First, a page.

USF Health Byrd Alzheimer’s Center and Research Institute

Research News


  • Two Byrd Institute researchers won awards at the 2021 USF Health Research Day.
    Niat Gebru
    , a second-year Ph.D. student at the USF Health Byrd Alzheimer's Institute, won the "Best Neuroscience Poster Award"
    I joined USF as a Research Technician in Dr. Laura Blair’s lab in January 2017. I was inspired by the research that was being done in the lab and at the Byrd in general, so I decided to pursue my Master’s in Bioinformatics and Computational Biology in August 2017 while working as a technician. A year later, I realized I wanted to further my education and decided to apply for the Integrated Biomedical Sciences PhD program at USF. They graciously accepted me, and I joined the class of 2019 shortly after I graduated from the MS program.   Most of my work in the lab has focused on how Hsp90 co-chaperones modulate tau as we age and may contribute to Alzheimer’s disease pathology. For my Ph.D. work, I am now studying the relationships between FKBP51 (a co-chaperone of Hsp90) and its role in stress-induced PTSD.

    Melike Yuksel,
    a Post-Doctorate Scholar at the Byrd Institute won "The Morsani College of Medicine Outstanding Post-Doctoral Scholar Research Award".
    I have been working as a postdoctoral scholar in Dr. Thinakaran's lab since November 2018 (since October 2019 at USF). I work on the characterization of the biological pathways and pathogenic mechanisms regulated by BIN1, the second most common late-onset Alzheimer's disease risk factor. I am happy for the award and thankful to my mentor, Dr. Thinakaran, my co-workers and to USF community.  

  • Sara Cazzaro Buosi is one of two awarded the 2021 Dorothy Benjamin Graduate Fellowship
    From a young age I was intrigued by how the human body operated and the way diseases could affect the functions it routinely performs. After three years of pursuing a Biology degree at the Universidad Simon Bolivar in Caracas, Venezuela, I decided to transfer to the University of South Florida to finish my undergraduate studies, where I obtained my B.S. in Biomedical Sciences during the Fall of 2016. During my time as an undergraduate student, I was determined to acquire experience in the research field specifically in the study of neurodegenerative diseases. I joined the Ph.D. program in Integrated Biomedical Sciences at USF Morsani College of Medicine during the Fall of 2017. In Dr. Kang’s lab, I have been dedicated to the study of the protein Slingshot 1 (SSH1) and how it affects mitochondria through different pathways in the context of Alzheimer’s disease. SSH1 is a protein phosphatase that has been reportedly involved in Cofilin activation, an actin filament severing protein. Our lab has found that SSH1 is able to activate Cofilin, which then migrates to mitochondria causing mitochondrial dysfunction and toxicity. Additionally, we recently published our work showing how SSH1 is also able to affect mitochondria through the blockage of mitochondrial clearance (mitophagy), due to the dephosphorylation/deactivation of the autophagy cargo receptor P62. We hope our further studies can elucidate the interplay between the different functions of SSH1 in Alzheimer’s diseased brains to better understand this disorder and provide better targets for future AD treatments. I appreciate and are truly proud to be awarded the Dorothy Benjamin Graduate Fellowship to support this research.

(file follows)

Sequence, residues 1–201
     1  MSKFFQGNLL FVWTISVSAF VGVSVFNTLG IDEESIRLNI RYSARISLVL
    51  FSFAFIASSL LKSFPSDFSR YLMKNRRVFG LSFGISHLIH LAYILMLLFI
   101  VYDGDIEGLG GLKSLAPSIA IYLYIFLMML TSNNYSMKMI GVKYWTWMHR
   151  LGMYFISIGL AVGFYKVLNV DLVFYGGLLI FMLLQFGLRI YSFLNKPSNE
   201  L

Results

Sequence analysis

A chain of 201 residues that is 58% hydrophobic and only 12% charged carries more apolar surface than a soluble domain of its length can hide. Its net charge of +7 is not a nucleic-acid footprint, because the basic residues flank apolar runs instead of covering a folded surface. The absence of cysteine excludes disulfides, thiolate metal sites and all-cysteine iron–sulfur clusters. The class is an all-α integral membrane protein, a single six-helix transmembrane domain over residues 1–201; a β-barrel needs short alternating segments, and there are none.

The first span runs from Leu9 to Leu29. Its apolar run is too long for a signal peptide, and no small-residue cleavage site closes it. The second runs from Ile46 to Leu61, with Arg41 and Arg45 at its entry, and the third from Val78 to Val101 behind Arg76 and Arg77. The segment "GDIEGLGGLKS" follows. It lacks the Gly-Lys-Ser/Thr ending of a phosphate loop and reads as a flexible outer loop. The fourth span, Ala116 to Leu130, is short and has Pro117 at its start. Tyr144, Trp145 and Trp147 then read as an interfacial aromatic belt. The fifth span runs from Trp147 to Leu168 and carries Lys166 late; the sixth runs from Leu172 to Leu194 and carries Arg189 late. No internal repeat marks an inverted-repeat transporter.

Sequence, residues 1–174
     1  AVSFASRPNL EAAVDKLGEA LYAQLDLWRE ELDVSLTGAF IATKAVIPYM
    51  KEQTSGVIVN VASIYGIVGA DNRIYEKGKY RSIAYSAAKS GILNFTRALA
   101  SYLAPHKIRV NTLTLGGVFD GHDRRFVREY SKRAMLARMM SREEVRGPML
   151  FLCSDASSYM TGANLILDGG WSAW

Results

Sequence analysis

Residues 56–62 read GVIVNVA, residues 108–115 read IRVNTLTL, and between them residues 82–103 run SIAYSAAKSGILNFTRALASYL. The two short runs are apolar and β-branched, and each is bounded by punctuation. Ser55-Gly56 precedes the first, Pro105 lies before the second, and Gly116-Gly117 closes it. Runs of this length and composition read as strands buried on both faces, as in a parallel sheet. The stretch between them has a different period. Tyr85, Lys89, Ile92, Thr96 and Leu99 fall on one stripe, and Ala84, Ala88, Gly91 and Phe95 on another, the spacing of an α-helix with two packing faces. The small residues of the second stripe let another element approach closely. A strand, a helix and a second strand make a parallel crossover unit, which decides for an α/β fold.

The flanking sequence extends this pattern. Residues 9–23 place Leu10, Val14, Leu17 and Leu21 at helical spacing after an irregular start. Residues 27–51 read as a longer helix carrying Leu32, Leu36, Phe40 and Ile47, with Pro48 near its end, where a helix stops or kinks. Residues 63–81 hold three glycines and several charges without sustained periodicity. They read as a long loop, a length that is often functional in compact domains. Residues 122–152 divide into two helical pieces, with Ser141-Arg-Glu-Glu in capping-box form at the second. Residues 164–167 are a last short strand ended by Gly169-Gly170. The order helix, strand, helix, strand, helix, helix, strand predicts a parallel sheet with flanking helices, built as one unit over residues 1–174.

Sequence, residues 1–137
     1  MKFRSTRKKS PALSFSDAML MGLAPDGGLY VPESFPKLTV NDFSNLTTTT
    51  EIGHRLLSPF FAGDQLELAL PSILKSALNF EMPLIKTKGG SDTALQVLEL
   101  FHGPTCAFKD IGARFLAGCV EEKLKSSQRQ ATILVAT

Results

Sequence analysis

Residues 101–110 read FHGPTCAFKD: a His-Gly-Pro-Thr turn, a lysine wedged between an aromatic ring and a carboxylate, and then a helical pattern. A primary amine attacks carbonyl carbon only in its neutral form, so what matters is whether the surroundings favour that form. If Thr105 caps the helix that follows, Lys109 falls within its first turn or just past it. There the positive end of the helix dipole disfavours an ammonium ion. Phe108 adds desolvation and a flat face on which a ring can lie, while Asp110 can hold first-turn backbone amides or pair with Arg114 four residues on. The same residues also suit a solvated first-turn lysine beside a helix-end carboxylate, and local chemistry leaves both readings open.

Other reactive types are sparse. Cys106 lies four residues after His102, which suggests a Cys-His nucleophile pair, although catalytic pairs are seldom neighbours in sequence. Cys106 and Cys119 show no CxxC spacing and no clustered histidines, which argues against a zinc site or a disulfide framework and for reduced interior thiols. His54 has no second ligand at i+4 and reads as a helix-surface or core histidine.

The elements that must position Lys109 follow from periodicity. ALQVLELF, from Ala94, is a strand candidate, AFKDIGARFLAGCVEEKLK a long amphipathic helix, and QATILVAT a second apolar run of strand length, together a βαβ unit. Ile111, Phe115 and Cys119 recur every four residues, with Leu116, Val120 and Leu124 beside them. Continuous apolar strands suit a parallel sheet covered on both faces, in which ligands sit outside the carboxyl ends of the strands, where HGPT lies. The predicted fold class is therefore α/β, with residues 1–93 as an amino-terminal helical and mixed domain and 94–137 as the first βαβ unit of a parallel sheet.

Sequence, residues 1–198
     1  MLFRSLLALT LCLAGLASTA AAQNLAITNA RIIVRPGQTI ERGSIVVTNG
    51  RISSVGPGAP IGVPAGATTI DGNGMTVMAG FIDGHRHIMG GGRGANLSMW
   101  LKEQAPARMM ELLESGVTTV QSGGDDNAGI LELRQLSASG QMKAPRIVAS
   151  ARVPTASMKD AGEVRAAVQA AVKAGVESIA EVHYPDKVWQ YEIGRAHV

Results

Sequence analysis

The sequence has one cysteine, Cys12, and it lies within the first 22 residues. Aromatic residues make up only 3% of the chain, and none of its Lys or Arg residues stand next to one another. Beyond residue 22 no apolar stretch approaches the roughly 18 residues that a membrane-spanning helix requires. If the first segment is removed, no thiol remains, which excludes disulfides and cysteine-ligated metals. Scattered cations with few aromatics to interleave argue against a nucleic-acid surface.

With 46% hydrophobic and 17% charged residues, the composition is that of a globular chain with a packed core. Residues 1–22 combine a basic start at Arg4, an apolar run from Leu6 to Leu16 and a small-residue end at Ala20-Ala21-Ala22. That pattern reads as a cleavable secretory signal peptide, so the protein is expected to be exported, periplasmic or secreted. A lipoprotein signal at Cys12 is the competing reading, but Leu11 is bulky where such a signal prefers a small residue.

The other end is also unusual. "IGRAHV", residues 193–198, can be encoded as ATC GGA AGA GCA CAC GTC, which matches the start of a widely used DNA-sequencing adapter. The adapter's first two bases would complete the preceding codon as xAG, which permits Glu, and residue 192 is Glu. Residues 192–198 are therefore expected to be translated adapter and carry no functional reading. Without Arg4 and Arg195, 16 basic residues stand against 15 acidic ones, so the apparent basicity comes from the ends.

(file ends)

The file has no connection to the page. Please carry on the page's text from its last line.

• Santiago Rodriguez Ospina is one of two awarded the Dorothy Benjamin Graduate Fellowship
    Born in Colombia, I was raised in the US since middle school. I have always been fascinated by science. In my undergraduate years, I had the opportunity to participate in research on enzymes, biological catalyst, and their mechanism of action. Currently, I am a PhD student in the lab of Dr. Laura Blair at the USF Heath Neuroscience Institute. My work is focused on using molecular chaperones, which are helper proteins in the cell, to regulate the accumulation of tau, a primary hallmark in Alzheimer’s disease. More specifically, I am studying how heat shock protein 22 (Hsp22) affects tau. Hsp22, like other small Hsps, interacts with misfolding proteins and holds onto them until they can be processed for refolding or degradation. So far, results from my project have showed that high levels of Hsp22 in areas of learning and memory in mice with tau pathology can preserve the cognitive and nerve cell function. I am currently investigating if fragments of the Hsp22 protein can also protect against tau aggregation, and if these fragments or the full-length Hsp22 can alter tau prion-like seeding in cells. I am grateful to be a recipient of the Dorothy Benjamin Fellow, which will further allow me to study Hsp22 and its effects on Alzheimer’s Disease as well as enrich my training experience by supporting my attendance at a national conference.

  • Byrd Investigator Dr. David Kang initiates a new VA-funded study